Baby It’s You, the occasionally entertaining new jukebox musical now at Broadway’s Broadhurst Theatre, mines the song catalog of the The Shirelles — as well as other big hits of the late 1950s and the early 1960s — as the musical tells the story of Florence Greenberg (Beth Leavel), the New Jersey housewife who discovered the girl group.
While Greenberg’s history has the potential to be dramatically compelling, Floyd Mutrux and Colin Escott’s clumsy book immeasurably undermines her story — and the show is only truly enjoyable when serving up nearly 40 tunes from the period.
The show gets off to a bang as the company, led by a character named Jocko (a multiply cast and seemingly indefatigable Geno Henderson) — who serves as the show’s ostensible American Bandstand-like narrator — offers up a medley that includes “Mr. Lee,” “Book of Love,” “Rockin’ Robin,” and “Dance With Me.” Henderson’s singing dazzles, and Birgitte Mutrux’s choreography impresses as it evokes the period, while also putting a contemporary Broadway spin on what could look like clichéd and over-used dance steps.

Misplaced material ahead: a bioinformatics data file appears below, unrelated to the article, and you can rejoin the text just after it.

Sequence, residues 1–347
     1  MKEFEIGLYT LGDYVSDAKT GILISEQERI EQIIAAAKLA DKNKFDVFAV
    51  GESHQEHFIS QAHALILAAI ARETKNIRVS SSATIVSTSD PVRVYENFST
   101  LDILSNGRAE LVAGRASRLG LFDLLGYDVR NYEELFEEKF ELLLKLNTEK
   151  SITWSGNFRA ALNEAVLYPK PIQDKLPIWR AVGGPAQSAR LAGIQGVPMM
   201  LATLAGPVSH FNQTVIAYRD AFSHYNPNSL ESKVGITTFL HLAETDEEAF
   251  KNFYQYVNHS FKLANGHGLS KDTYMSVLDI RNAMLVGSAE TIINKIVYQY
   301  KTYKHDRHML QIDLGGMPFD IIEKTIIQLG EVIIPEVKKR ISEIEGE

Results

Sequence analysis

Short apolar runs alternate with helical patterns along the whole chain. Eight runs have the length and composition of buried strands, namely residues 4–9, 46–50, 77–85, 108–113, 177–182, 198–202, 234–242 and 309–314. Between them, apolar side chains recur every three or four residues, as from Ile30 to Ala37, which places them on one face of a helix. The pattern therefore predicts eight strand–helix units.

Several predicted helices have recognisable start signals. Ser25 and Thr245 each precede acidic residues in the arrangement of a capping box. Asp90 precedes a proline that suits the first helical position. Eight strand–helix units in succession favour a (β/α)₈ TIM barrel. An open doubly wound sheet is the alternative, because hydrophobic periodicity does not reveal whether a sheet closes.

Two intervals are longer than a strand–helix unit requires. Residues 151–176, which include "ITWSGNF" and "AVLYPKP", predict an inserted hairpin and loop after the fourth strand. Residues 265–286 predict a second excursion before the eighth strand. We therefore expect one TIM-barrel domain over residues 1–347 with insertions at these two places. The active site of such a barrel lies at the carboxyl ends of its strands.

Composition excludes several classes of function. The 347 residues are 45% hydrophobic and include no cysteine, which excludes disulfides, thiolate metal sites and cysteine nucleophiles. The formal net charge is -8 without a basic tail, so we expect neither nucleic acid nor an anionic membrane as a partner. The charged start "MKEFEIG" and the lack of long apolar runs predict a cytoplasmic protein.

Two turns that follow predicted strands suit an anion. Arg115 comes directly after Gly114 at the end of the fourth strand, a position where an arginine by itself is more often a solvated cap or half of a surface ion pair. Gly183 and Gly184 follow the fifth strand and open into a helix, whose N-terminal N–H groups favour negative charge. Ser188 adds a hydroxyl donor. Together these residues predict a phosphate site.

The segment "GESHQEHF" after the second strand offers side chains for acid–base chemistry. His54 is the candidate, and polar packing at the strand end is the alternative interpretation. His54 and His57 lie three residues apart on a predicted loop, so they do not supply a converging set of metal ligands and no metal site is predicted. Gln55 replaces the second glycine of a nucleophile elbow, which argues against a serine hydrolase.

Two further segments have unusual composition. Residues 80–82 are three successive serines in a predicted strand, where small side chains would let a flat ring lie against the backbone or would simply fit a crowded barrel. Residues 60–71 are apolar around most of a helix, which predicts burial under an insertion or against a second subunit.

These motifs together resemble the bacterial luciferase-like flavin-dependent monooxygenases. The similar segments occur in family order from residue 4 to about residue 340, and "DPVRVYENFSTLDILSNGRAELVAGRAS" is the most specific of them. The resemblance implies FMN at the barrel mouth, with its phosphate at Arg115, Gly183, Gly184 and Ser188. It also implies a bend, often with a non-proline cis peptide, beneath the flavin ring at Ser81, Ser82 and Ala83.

Sequences such as this one pervade the show’s 2 1/2-hour running time, and during these company numbers, or ones featuring the swell-sounding Christina Sajous, Kyra Da Costa, Crystal Starr Knighton, and Erica Ash as The Shirelles, theatergoers are guaranteed a good time.
Moreover, Mutrux and co-director Sheldon Epps, have put together an often gorgeous-looking production that zips along crisply, thanks in no small part to Anna Louizos’ spare, yet elegant scenic design and Jason H. Thompson’s projection design, which provides some marvelous historical details. Lizz Wolf’s period costume designs are particularly impressive.
Unfortunately, Baby It’s You‘s attempt to sandwich Greenberg’s story into what is essentially a glitzy concert fall flat. The characters, particularly Greenberg’s husband Bernie (Barry Pearl), are depicted as laughable cartoons of a bygone era. (When he tells his wife that she doesn’t have a job until she earns a paycheck, theatergoers groan in unison), Worse still, the bookwriters have only sketched in the bare minimum of details to give a sense of forward motion, without ever providing any real depth.
Sadly, the book’s shortcomings leave both the superlatively talented Leavel and the appealing Allan Louis (as African-American songwriter Luther Dixon, who also became Greenberg’s partner and lover) with little to do, musically or otherwise. In fact, this is a musical in which the romantic leads do not truly sing of their feelings for one another until they are at the point of breaking up. It’s a moment that should pull heartstrings, but it feels only like an interruption to the show’s main event: the music.